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viction, that either weakness of judgment or fickleness of character, had been the only source of my errors. But though I am not at liberty to mention individual cases, I do attest, from the most certain knowledge, that the history of my own mind is, with little variation, that of a great portion of the Spanish clergy. The fact is certain: I make no individual charge : every one who comes within this general description may still wear the mask, which no Spaniard can throw off without bidding an eternal farewell to his country. Now, let us pause to examine this moral phenomenon: and, since I am one of the class which exhibits it, I will proceed with the moral dissection of myself, however unpleasant the task may be. Many, indeed, will dismiss the case with the trite observation that extremes generally produce their opposites. But an impartial mind will not turn to a common-place evasion, to save itself the labour of thinking. When I examine the state of my mind previous to my rejecting the Christian faith, I cannot recollect any thing in it but what is in perfect accord

ance with that form of religion in which I was

educated. I revered the Scriptures as the word of God; but was also persuaded that without a living, infallible interpreter, the Bible was a dead letter, which could not convey its meaning with any certainty. I grounded, therefore, my Christian faith upon the infallibility of the church. No Roman Catholic pretends to a better foundation. “I believe whatever the holy mother church holds and believes,” is the compendious creed of every member of the Roman communion. Had my doubts affected any particular doctrine, I should have clung to the decisions of a church which claims exemption from error; but my first doubts attacked the very basis of Catholicism. I believe that the reasoning which shook my faith is not new in the vast field of theological controversy. But I protest that, if such be the case, the coincidence adds weight to the argument, for I am perfectly certain that it was the spontaneous suggestion of my own mind. I thought within myself that the certainty of the Roman Catholic faith had no better ground than a fallacy of that kind which is called reasoning in a circle; for I believed the infallibility of

, the church because the Scripture said she was


infallible; while I had no better proof that the Scripture said so, than the assertion of the church, that she could not mistake the Scripture. In vain did I endeavour to evade the force of this argument; indeed I still believe it unanswerable. Was, then, Christianity nothing but a groundless fabric, the world supported by the elephant, the elephant standing on the tortoise 2 Such was the conclusion to which I was led by a system which impresses the mind with the obscurity and insufficiency of the written word of God. Why should I consult the Scriptures? My only choice was between revelation explained by the church of Rome, and no revelation. Catholics who live in Protestant countries may, in spite of the direct tendency of their system, practically perceive the unreal nature of this dilemma. But wherever the religion of Rome reigns absolute, there is but one step between it and infidelity. To describe the state of my feelings, when, believing religion a fable, I still found myself compelled daily to act as a minister and promoter of imposture, is certainly beyond my powers. An ardent wish seized me to fly from a country where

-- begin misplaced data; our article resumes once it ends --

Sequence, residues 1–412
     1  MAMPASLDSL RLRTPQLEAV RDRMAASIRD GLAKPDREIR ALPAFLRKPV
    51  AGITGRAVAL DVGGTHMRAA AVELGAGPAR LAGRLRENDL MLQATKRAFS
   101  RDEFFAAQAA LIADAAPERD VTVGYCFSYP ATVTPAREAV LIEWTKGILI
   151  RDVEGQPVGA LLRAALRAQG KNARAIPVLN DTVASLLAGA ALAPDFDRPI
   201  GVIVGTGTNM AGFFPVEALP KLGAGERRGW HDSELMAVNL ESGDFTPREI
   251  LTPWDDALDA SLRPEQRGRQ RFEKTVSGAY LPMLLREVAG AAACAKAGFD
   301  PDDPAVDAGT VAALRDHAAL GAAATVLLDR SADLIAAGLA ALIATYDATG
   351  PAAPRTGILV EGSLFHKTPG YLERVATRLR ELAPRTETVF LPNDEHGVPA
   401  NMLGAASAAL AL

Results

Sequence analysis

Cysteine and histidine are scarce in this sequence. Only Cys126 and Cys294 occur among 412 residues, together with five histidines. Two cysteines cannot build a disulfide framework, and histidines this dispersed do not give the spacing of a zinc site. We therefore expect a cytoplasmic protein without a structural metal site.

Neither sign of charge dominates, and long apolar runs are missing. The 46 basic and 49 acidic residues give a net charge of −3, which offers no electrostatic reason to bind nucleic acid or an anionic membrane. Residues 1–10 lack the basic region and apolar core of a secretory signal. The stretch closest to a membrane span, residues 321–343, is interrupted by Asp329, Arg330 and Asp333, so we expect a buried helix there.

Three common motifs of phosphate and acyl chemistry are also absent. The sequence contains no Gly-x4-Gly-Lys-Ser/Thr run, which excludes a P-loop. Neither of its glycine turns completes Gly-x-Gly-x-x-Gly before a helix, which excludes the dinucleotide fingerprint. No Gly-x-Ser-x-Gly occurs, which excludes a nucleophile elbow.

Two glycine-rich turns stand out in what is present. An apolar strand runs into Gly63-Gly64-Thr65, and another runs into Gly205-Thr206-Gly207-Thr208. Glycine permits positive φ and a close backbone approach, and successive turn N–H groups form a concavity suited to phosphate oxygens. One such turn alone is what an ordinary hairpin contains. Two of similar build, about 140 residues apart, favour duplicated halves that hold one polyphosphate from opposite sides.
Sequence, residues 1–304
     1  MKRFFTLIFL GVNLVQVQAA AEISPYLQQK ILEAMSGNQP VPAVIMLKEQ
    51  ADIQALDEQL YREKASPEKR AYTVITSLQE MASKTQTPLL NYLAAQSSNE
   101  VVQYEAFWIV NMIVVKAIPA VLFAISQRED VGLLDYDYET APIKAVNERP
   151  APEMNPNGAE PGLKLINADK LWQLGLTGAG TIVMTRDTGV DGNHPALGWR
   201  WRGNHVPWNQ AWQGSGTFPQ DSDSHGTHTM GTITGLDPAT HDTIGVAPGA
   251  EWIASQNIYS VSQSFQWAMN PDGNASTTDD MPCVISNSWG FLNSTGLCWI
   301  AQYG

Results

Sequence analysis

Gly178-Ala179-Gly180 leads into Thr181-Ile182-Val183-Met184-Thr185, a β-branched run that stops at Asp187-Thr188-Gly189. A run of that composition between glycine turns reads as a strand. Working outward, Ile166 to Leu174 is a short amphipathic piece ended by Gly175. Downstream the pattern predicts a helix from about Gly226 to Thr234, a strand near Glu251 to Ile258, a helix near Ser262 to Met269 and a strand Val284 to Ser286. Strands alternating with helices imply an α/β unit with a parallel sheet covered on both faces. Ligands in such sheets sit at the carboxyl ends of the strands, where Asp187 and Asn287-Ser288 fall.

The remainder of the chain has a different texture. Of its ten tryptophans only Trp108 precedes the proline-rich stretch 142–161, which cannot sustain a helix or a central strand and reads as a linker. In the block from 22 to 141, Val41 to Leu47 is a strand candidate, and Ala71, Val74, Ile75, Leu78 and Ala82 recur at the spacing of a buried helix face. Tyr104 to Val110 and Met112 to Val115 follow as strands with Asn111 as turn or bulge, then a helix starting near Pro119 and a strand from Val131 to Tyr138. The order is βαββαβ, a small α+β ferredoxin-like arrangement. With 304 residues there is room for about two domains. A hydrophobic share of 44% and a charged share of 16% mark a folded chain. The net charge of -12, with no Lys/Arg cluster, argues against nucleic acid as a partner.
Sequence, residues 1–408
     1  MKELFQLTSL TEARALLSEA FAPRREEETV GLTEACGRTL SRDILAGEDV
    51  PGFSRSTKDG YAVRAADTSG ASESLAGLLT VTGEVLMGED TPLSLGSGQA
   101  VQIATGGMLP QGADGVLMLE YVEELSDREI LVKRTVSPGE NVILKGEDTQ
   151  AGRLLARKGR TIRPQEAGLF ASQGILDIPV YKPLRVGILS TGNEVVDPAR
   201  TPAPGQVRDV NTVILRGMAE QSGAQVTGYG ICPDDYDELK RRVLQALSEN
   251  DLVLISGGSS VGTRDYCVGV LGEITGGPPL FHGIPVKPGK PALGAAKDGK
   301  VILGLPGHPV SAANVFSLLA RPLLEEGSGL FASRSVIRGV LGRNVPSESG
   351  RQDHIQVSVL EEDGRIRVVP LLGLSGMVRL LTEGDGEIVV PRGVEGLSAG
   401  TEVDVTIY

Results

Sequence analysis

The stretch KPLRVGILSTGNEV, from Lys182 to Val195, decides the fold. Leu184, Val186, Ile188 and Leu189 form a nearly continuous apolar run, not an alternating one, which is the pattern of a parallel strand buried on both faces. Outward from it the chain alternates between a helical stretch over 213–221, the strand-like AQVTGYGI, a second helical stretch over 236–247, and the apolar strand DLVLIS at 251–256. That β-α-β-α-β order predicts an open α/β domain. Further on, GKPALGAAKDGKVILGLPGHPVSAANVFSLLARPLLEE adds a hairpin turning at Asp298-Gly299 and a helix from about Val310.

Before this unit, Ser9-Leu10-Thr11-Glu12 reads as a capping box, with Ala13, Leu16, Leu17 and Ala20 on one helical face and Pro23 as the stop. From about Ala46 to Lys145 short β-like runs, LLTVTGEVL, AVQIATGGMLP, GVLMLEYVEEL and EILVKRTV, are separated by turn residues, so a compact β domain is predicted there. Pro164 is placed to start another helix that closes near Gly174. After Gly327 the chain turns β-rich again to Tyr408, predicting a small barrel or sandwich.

the law left me no choice between death and hypocrisy. But my flight would have brought my parents with sorrow to the grave; and I thank God that he gave me a heart which, though long “without law,” was often, as in this case, a “law to myself.” Ten years, the best of my life, were passed in this insufferable state, when the approach of Buonaparte's troops to Seville enabled me to quit Spain, without exciting suspicion as to the real motive which tore me for ever from every thing I loved. I was too well aware of the firmness of my resolution, not to endure the most agonizing pain when I irrevocably crossed the threshold of my father's house, and when his bending figure disappeared from my eyes, at the first winding of the Guadalquivir, down which I sailed. Heaven knows that time has not had power to heal the wounds which this separation inflicted on my heart; but, such was the misery of my mental slavery, that not a shadow of regret for my determination to expatriate myself, has ever exasperated the evils inseparable from the violent step by which I obtained my freedom. Having described the fatal effects of Catholicism

on my mind, I will, with equal candour, relate the changes operated upon it by my residence in England. It was the general opinion in Spain, that Protestants, though often adorned with moral virtues, were totally deficient in true religious feelings. This was the opinion of Spanish Catholics. Spanish unbelievers, like myself, were most firmly convinced that men, enlightened as the English, could only regard religion as a political engine. Our greater acquaintance with French books, and with Frenchmen, strongly supported us in the idea that belief in Christianity decreased in proportion to the progress of knowledge, in every part of the world. As to myself, I declare that I did not expect to find a sincere Christian among educated Englishmen. Providence, however, so directed events, that some of my first acquaintance in London were persons whose piety was adorned with every good quality of the heart and mind. It was among these excellent friends, and under the protection of British liberty, that the soreness and irritation produced by ten years' endurance of the

most watchful religious tyranny, began to subside.

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